A buy-sell agreement is a formalized business continuation plan that is designed to provide for the orderly disposition or continuation of an individual’s ownership in a business. There are two basic types to consider, the Cross-Purchase Agreement and Stock Redemption.
The buy-sell agreement allows the holder of a business interest to enter into an agreement that will provide for the future sale of that interest should death, disability or retirement occur. Under the terms of the buy-sell agreement, the specified buyer is legally obligated to purchase the interest, and the interest holder or his/her estate is legally obligated to sell the interest upon the occurrence of one or more specified events.
A properly structured business continuation agreement has many advantages. It can:
- Control the value of the business for estate tax purposes and the estate taxes due on the assets.
- Ensure the continuity or orderly disposition of the business.
- Protect the surviving owners from gaining an undesirable co-owner (such as a member of the deceased interest holder’s family).
Under the Cross-Purchase Agreement, each interest holder agrees to buy the interests of the other owners under the terms of the agreement. A straightforward Cross-Purchase Agreement works well for a smaller business where there are fewer than four owners. Typically, with this arrangement, the co-interest holders personally own life insurance policies on the lives of each of the other interest holders. This generally becomes too complex when dealing with a large number of owners. Funding can also be cumbersome, confusing, and potentially more expensive. These difficulties have led to the creation of other types of Cross-Purchase Agreements.
One example is a Trusteed Cross-Purchase Agreement involves the creation of either a revocable or irrevocable trust. The trustee would be responsible for handling all the paperwork, owning and maintaining the life insurance policies, and ensuring parties fulfill the terms of the buy-sell agreement. A Trusteed Cross Purchase Agreement can streamline the agreement and eliminate complexity and expense.
Following are some advantages of a Cross-Purchase Agreement:
- The surviving interest holders receive a step-up in basis equal to the price they paid for the withdrawing or deceased owner’s shares.
- Policy cash values are available to the owners, because they personally own the policies on each other’s lives.
- The incorporated business does not have to own a life insurance policy to fund the agreement, thus avoiding any corporate alternative minimum tax on the death proceeds.
Another option would be a Stock Redemption plan, wherein the business or corporation agrees to redeem the shares of stock of an interest holder at his or her retirement, death or disability. Again, the redemption is typically funded with a life insurance policy. This is another arrangement that works well when there are a large number of owners.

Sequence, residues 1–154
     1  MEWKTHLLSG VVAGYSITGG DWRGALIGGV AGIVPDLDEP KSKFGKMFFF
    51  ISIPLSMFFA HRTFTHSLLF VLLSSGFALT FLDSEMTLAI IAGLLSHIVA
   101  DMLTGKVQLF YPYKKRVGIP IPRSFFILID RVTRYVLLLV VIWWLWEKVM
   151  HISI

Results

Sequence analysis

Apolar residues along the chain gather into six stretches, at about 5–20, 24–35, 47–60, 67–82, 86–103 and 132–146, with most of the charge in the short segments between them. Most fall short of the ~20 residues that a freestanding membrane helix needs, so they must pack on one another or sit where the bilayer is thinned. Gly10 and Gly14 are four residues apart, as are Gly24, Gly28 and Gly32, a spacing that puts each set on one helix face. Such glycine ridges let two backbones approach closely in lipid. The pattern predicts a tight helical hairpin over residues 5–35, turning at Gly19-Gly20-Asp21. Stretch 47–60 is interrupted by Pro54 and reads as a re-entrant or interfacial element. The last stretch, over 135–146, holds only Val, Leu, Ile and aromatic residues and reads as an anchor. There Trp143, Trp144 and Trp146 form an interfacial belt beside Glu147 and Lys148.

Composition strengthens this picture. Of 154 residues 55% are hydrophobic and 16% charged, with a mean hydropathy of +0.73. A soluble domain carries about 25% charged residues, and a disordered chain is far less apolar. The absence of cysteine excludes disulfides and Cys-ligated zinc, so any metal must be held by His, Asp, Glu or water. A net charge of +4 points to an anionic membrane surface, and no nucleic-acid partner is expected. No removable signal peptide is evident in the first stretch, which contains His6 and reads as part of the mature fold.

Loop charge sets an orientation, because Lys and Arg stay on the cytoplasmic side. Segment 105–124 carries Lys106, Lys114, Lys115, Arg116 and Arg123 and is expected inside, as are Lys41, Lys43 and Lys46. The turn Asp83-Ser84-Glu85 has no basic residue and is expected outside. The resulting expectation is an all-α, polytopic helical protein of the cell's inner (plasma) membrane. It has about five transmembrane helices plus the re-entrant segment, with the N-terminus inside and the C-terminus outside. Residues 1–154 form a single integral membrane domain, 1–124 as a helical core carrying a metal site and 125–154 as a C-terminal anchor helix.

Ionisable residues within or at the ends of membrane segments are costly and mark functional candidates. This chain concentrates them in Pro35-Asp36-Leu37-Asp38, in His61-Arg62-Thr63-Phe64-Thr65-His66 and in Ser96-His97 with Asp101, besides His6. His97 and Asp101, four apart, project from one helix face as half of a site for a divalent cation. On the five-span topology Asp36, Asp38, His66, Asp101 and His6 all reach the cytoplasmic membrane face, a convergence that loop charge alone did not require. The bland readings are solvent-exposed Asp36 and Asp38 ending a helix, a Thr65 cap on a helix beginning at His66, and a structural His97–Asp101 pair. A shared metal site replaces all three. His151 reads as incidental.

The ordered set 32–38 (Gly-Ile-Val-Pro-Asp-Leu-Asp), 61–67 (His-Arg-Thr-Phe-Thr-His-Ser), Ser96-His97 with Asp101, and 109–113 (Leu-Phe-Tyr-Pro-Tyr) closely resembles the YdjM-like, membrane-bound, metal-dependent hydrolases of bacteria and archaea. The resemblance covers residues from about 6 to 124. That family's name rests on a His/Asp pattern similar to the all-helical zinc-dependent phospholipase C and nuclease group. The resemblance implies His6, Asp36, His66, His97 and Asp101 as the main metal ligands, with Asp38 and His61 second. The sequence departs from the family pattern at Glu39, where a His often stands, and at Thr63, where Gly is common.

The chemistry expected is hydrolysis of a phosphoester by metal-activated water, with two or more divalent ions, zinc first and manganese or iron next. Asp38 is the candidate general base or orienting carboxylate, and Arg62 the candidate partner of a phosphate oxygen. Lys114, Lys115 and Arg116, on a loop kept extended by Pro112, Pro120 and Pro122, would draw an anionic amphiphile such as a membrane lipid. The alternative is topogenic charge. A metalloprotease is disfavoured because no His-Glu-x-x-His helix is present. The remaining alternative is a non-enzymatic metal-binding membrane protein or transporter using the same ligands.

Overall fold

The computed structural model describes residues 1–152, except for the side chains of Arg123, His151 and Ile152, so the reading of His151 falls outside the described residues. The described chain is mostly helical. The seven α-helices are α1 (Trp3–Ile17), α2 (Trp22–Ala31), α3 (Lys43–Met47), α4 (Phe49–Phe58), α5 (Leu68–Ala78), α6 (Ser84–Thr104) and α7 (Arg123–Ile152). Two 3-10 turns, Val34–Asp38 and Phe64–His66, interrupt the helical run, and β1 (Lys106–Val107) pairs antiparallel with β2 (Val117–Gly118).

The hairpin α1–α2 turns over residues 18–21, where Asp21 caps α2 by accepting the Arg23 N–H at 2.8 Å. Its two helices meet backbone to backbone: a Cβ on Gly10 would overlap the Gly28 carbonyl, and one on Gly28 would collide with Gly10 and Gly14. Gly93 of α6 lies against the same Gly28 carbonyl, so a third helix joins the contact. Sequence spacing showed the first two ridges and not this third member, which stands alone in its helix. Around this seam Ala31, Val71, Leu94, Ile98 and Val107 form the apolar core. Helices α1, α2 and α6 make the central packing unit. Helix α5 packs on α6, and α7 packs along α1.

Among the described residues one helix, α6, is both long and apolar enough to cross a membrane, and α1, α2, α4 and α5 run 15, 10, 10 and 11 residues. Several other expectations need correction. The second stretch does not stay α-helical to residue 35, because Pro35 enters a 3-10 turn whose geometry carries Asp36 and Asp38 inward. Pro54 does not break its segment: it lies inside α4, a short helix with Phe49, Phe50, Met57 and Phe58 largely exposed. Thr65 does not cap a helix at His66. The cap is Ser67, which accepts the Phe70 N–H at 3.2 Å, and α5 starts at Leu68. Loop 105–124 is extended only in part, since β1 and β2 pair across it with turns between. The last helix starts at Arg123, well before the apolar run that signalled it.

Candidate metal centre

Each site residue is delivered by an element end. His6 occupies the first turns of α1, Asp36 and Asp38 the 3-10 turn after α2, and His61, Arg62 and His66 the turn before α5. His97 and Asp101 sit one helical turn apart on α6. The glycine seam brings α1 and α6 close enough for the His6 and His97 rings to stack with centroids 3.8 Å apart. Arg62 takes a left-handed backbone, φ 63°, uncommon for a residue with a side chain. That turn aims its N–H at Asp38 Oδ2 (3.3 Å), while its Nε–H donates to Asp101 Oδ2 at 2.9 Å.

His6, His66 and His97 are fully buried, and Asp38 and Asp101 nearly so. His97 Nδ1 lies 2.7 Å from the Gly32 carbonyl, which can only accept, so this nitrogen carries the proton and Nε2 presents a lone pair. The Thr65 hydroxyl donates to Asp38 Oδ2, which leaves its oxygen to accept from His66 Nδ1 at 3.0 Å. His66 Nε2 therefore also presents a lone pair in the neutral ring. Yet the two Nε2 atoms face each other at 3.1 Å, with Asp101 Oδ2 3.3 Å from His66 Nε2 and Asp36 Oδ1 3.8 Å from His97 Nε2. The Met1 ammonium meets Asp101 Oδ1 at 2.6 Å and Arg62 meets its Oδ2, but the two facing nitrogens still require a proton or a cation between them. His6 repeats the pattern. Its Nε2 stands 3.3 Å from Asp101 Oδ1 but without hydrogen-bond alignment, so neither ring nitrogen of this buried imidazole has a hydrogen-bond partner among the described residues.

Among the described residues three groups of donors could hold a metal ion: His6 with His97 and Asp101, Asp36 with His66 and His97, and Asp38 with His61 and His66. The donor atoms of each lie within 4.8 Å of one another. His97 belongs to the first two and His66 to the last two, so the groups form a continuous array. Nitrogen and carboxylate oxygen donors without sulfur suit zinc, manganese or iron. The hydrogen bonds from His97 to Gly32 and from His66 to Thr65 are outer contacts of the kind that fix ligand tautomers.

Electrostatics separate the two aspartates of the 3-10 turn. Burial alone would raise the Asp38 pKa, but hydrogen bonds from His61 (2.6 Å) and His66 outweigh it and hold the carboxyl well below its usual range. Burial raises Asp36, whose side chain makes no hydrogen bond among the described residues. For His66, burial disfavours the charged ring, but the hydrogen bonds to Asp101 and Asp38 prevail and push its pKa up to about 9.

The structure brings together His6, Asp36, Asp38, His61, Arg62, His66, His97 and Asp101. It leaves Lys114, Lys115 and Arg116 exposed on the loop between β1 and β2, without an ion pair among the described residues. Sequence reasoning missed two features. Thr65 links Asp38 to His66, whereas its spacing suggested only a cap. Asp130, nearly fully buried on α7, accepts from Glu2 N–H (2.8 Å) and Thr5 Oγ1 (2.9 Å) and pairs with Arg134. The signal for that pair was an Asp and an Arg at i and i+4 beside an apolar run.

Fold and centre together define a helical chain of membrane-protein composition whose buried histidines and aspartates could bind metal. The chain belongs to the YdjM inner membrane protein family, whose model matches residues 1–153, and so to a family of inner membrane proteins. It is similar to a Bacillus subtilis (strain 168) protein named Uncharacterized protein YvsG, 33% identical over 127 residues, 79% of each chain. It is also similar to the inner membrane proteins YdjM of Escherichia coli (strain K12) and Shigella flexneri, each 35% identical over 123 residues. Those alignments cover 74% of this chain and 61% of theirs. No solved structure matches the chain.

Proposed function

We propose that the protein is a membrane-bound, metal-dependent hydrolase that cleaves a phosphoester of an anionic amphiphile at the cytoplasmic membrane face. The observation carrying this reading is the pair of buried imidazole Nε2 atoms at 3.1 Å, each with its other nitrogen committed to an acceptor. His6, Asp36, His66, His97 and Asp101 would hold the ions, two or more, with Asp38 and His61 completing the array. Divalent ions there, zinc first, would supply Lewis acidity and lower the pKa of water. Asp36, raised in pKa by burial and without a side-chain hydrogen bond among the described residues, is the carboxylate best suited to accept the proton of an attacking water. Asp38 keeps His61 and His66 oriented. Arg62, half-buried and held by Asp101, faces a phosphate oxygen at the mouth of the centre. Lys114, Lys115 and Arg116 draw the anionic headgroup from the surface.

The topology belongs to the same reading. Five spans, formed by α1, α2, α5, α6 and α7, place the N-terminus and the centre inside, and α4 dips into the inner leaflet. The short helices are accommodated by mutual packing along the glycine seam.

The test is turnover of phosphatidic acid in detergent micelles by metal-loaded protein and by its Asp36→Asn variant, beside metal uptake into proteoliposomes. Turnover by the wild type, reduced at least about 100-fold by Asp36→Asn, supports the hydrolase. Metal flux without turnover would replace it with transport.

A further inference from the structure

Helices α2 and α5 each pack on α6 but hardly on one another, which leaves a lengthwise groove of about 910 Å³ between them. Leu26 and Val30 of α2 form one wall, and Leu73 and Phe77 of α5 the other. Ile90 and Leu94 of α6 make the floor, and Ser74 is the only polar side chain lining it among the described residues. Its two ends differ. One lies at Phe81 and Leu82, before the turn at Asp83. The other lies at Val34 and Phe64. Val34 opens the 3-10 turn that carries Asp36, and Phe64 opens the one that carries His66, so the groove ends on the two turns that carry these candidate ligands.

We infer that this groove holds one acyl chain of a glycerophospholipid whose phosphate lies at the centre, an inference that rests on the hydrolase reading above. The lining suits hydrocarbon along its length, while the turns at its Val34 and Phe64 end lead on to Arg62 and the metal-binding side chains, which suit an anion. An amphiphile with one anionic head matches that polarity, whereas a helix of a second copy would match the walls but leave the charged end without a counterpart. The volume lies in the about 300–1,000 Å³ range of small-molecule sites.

Following are advantages of a Stock Redemption plan over a Cross-Purchase Agreement:
- Only one insurance policy is in force per shareholder.
- Policy cash values are available to the corporation.
- The plan generally avoids transfer-for-value problems because a deceased or withdrawing stockholder has no ownership interest in policies that insure the remaining stockholders.
Funding of the buy-sell/business continuation agreement is the single most important factor in the equation. Buy-sell agreements will not work unless funding arrangements have been made prior to the execution of the agreement. A buy-sell agreement may be funded through:
- Cash flow generated by the business.
- The purchase of capital (life insurance).
- Borrowing the money.
Probably the best approach to funding a buy-sell agreement is through the use of life insurance. The use of life insurance offers the following advantages:
- The funds will be available when needed for the purchase/redemption.
- The death benefit proceeds can be income tax-free.
- Annual cost of life insurance is usually 1 percent to 4 percent of the death benefit.
There are other forms and variations of buy-sell agreements. Remember there are disadvantages and advantages to each, and all should be examined before decisions are made. You should consult with your attorney, financial planner or other professional advisor to determine which arrangement is best for your situation.
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